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Coping with Heterogeneity and Uncertainty of COVID-19 ... COVID-19, CORD-19, WHO COVID-2019, COVID-19

Sep 27, 2020

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  • Coping with Heterogeneity and Uncertainty of COVID-19 Datasets

    Issues, Approaches, and Consequences of the COVID-19 Crisis

    Ambuj K Singh Yu-Xiang Wang

    University of California Santa Barbara

    April 28, 2020

    Ambuj Singh, Yu-Xiang Wang (UCSB) COVID-19 seminar April 28, 2020 1 / 22

  • Seminar series

    Previous presentations

    (April 14) SARS-CoV2: The Virus and the Disease (Carolina Gonzalez and Lynn Fitzgibbons)

    (April 21) Current Epidemiological Models: Scientific Basis and Evaluation (Francesco Bullo)

    Thanks to doctors, nurses, first responders, and everyone in the hospital/healthcare/biomedical ecosystem. And thanks to everyone else for adapting to the new lifestyle.

    Ambuj Singh, Yu-Xiang Wang (UCSB) COVID-19 seminar April 28, 2020 2 / 22

  • Lessons from history

    (1854) Cholera outbreak in London

    (1918–19) Spanish Flu

    (2013–16) Western African Ebola virus epidemic

    How have data and models informed decision making in past epidemics?

    Ambuj Singh, Yu-Xiang Wang (UCSB) COVID-19 seminar April 28, 2020 3 / 22

  • Tracing the origin of a cholera outbreak

    Source: Wikipedia

    In August of 1854, Soho, a suburb of London, was hit hard by a terrible outbreak of cholera.

    Dr. John Snow had long believed that water contaminated by sewage was the cause of cholera. A challenge to the theories of disease transmission then.

    Through ‘contact-tracing’ of water (homes, restaurants, coffee shops, breweries), he established that the source was the pump on Broad Street. Shown is a memorial in his honor.

    Ambuj Singh, Yu-Xiang Wang (UCSB) COVID-19 seminar April 28, 2020 4 / 22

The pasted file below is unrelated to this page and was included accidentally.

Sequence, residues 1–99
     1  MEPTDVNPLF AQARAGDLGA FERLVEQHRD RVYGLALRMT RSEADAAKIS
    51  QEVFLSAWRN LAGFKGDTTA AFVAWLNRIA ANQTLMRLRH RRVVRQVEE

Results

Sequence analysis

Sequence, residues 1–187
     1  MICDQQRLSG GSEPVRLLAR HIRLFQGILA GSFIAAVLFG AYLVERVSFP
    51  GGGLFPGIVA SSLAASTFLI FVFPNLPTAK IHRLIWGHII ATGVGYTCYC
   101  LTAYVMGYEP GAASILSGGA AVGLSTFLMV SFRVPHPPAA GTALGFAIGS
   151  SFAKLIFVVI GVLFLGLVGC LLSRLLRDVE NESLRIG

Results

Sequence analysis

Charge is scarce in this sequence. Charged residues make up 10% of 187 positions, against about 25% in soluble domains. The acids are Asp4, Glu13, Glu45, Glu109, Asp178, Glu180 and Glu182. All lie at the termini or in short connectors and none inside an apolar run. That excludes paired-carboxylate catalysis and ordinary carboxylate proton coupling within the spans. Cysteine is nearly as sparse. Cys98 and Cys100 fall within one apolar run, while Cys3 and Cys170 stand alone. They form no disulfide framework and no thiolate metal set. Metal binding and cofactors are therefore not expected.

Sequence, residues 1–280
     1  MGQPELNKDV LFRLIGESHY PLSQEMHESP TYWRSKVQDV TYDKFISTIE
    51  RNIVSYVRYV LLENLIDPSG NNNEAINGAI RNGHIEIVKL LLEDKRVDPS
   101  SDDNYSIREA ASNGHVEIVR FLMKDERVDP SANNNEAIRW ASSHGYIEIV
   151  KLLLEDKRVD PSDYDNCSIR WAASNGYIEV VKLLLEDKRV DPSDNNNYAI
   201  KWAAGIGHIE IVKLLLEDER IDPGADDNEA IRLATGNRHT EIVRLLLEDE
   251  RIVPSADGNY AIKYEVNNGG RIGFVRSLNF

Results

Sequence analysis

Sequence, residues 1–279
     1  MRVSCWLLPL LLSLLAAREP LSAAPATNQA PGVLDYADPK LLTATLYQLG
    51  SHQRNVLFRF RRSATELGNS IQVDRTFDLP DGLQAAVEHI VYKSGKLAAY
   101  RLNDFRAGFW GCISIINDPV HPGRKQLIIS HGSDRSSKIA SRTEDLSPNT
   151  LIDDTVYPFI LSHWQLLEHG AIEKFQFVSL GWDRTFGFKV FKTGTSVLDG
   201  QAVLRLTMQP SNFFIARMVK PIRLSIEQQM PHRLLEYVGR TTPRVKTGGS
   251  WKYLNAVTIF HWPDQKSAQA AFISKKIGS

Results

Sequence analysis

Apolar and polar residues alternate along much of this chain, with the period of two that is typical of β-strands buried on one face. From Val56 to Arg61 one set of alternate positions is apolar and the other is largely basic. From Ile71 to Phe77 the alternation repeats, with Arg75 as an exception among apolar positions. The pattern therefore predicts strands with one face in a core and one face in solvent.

• Interventions in Spanish Flu epidemic of 1918–19

    Source: CDC

    The most severe pandemic in recent history.

    About 500 million people or one-third of the world’s population became infected with this virus. The number of deaths was estimated to be at least 50 million worldwide with about 675,000 in the US.

    Hatchett et al analyzed Non-Pharmaceutical Interventions (NPI) in 17 US cities1.

    Findings support the hypothesis that rapid implementation of multiple NPIs can significantly reduce disease transmission, but that spread will be renewed upon relaxation of such measures.

    1Richard J. Hatchett, Carter E. Mecher, and Marc Lipsitch. “Public health interventions and epidemic intensity during the 1918 influenza pandemic”. In: Proceedings of the National Academy of Sciences 104.18 (2007), pp. 7582–7587.

    Ambuj Singh, Yu-Xiang Wang (UCSB) COVID-19 seminar April 28, 2020 5 / 22

  • Western African Ebola virus epidemic (2013–16)

    Source: Wikipedia

    CDC model predicted 500K–1.4 million infections. A year later there were about 25K Ebola cases, including 10.3K deaths. (Scientific American, Dec 8 2014) Prediction was more than 50 times worse. Why?

    Errors in deterministic modeling2

    Difficult to model behavioral change. Of course, there were many good predictions post-hoc. “It is difficult to make predictions, especially about the future.”

    “Ebola defied the prophets of doom. It never went airborne, and its economic effects were less painful than expected. Being wrong rarely feels this good. But it will be harder to catch the world’s attention next time.” Economist, Feb 2015.

    2Aaron A. King et al. “Avoidable errors in the modelling of outbreaks of emerging pathogens, with special reference to Ebola”. In: Proc. R. Soc. B. (2015).

    Ambuj Singh, Yu-Xiang Wang (UCSB) COVID-19 seminar April 28, 2020 6 / 22

  • Talk outline

    Historical context of models and interventions

    COVID-19 data

    Heterogeneous Uncertain Dynamic

    Measuring the effect of NPIs (Non-Pharmaceutical Interventions)

    How do current models use available data?

    Contact tracing

    Uncertainty and bias in data and models

    Case study: fitting SIR model to Santa Barbara Data

    Challenges and opportunities

    Ambuj Singh, Yu-Xiang Wang (UCSB) COVID-19 seminar April 28, 2020 7 / 22

  • COVID-19 data is heterogeneous, uncertain, and dynamic

    Heterogeneous: Risk factors vary at the individual level (presence of comorbidity). Different countries (and different regions within a country) have different outcomes based on geography, culture, and the human element. Many confounding variables. Uncertain: Testing error of biomedical tests, uncertainty of transmission fraction, contact rate, recovery rate, ‘asymptomatic’ vs ‘presymptomatic’ diagnosis, biased sampling Dynamic: Tightening and loosening of interventions, behavioral changes, disease dynamics at the individual and population level